Local Natives’ take on Stella Blue seems to have used some of the song’s spookier chord change as inspiration, at least for the first half of the song, which is built over a half-time, vaguely dubstep drum loop. Once the band start joining in, the influence of their producer – inevitably a Dessner, in this case Adam – becomes plainer, and while frankly the arrangement becomes less musically interesting at that point, the vocal harmonies are very cool. So in Siskel & Ebert fashion, it’s a thumbs up from me.

Shakedown Street is the oft-reviled Lowell George-produced Dead-go-disco track from 1977. Unknown Mortal Orchestra remake it essentially note for note. It’s fine, but it needn’t detain us long.

Franklin’s Tower is a much denser text than it first appears, at least if we grant primacy to Robert Hunter’s explicatory essay (DH Lawrence’s maxim to trust the tale, not the teller would counsel us not to give Hunter the last word on the song simply because he wrote it). What is certain is that the song changes drastically for an Anglophone audience when it’s placed in the hands of Orchestra Baobab and its original lyric is abandoned. The muscular precision and simultaneous playfulness of the music becomes the main thing, and what a thing it is.

Tal National’s Eyes of the World is similarly exuberant. Tal National are from Niger (indeed, they are apparently Niger’s most popular band) and while they retain Robert Hunter’s lyric and pretty much stick to the vocal melody Garcia sang on the Dead’s version, they reconfigure the song at its rhythmic base. Eyes of the World was recorded when Mickey Hart was on sabbatical from the band and Bill Kreutzmann was its only drummer. Kreutzmann’s style for the studio version was straightforward two-and-four rock, but live, with Hart also in attendance, the song could get more polyrhythmic. Whether Tal National heard any of these versions, I couldn’t say, but their interpretation of the song begins where the most expansive Dead versions leave off. Drummer Omar practically bursts out the speakers.

Béla Fleck is a name I’ve heard many times over the years, but I must confess to having spent most of my life in avoidance of banjos, so I’d not actually heard any of his music. It was actually a huge pleasure to get acquainted with Fleck’s playing through his cover of Help on the Way (like Franklin’s Tower, a track from 1975’s Blues for Allah). Fleck plays in a bewildering array of styles – bluegrass, jazz, contemporary classical, rock, folk and more besides – so he perhaps stands greater comparison to Jerry Garcia than any other musician involved in this project. There are amazing musicians on these discs, but none whose virtuosity extends through so many styles of music. The passage from 4.20-5.30 of the track has about the most impressive section of soloing on all five discs, and the support from Edgar Meyer on double bass (bowed and pizz) and Zaakir Hussein on tabla is first rate.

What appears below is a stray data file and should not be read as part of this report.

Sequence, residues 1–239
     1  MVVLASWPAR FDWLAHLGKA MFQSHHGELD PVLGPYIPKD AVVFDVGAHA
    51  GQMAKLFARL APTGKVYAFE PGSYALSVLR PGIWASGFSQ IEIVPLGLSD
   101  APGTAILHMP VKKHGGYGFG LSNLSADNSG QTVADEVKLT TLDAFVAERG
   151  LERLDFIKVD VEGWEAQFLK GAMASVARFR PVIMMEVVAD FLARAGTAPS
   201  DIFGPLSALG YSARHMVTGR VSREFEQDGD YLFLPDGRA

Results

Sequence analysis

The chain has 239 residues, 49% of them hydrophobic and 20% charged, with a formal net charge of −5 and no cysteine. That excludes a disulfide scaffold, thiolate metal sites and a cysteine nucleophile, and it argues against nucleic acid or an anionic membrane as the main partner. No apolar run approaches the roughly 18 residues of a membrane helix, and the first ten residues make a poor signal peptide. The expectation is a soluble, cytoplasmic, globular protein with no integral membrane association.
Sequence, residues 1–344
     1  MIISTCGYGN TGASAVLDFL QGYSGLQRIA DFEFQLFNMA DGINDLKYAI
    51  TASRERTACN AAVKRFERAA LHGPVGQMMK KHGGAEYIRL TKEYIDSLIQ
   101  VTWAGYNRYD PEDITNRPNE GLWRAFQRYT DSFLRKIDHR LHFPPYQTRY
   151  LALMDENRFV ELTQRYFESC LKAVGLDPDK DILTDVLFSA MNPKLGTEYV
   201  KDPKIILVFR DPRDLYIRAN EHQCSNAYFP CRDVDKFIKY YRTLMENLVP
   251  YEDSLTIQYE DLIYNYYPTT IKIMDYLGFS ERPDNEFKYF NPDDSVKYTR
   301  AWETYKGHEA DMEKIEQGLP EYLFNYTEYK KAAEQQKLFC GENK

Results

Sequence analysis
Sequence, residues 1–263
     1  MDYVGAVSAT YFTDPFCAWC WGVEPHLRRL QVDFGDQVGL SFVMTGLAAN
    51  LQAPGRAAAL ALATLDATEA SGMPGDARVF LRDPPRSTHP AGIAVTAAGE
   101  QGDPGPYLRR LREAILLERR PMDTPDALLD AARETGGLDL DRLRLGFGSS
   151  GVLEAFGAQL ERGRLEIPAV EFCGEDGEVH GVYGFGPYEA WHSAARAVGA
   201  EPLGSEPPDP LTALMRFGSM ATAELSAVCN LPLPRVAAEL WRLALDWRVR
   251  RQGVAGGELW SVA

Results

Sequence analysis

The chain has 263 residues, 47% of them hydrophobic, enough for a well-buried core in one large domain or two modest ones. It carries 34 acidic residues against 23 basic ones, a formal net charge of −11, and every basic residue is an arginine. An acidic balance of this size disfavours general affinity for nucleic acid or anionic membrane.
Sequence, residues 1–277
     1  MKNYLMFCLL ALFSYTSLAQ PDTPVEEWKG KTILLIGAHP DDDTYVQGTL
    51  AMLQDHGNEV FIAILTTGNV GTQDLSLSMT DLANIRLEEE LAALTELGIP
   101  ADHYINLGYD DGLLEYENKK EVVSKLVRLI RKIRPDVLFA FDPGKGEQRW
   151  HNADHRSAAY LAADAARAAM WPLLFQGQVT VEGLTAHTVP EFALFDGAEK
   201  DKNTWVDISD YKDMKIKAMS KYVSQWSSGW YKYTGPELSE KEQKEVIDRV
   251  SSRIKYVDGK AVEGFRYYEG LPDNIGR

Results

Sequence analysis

Terry Riley has a link with the Dead going back to the band’s beginnings. Before joining the Dead, Phil Lesh and keyboard player Tom Constanten had been in an improvisational group with Steve Reich – the same group that premiered Riley’s In C, widely cited as the first minimalist composition. Riley, along with his song Gyan (the pair are credited as the Rileys), reinterpret Bob Weir’s Estimated Prophet as a raga-like instrumental piece, dominated by Gyan’s guitar, played with heavy delay, and chanted vocals from Terry. While it dispenses with John Perry Barlow’s lyric (inspired by the element within the Dead’s audience who, having taken too much dope, would get messianic and hang around backstage to try to deliver their sermons), the Rileys’ take on Estimated Prophet does capture its heaviness and religiosity.

stargaze’s What’s Become of the Baby is pretty damn well fantastic, replacing Garcia’s heavily filtered and effect-laden voice on the original (how did they do it?) with doom-laden bowed double bass and spooky woodwinds. It’s by turns gorgeous and unbearably tense.

King Solomon’s Marbles, from Blues for Allah, is a showcase for Mickey Hart’s north African percussion and Garcia’s fluid soloing (with sterling support as ever from Lesh on bass). On Day of the Dead, pianist Vijay Iyer’s imaginative exploration of the tune incorporates Hart’s busy drumming patterns before going off on fast scalar and arpeggiated explorations of Garcia’s melody, occasionally slamming down powerful bass chords.

After a disc that’s dedicated mainly to the Dead’s experimental side – the Hart/Lesh axis, if you will – it’s something of a surprise to finish on Bonnie Prince Billy’s reading of If I Had the World to Give. The recording is spare (much sparser the Dead’s Shakedown Street recording), just Josh Kaufman’s piano and Will Oldham’s voice. In this setting, with Oldham’s tremulous voice, the song sounds much frailer and less McCartney-esque. It’s pretty, but it’s perhaps a little too on the nose as an ending, goes a little clumsily for the heartstrings.

My keepers from Disc Four are Truckin’, Stella Blue, Franklin’s Tower, Help on the Way and What’s Become of the Baby.

Some recent music to stream or download (pay what you want):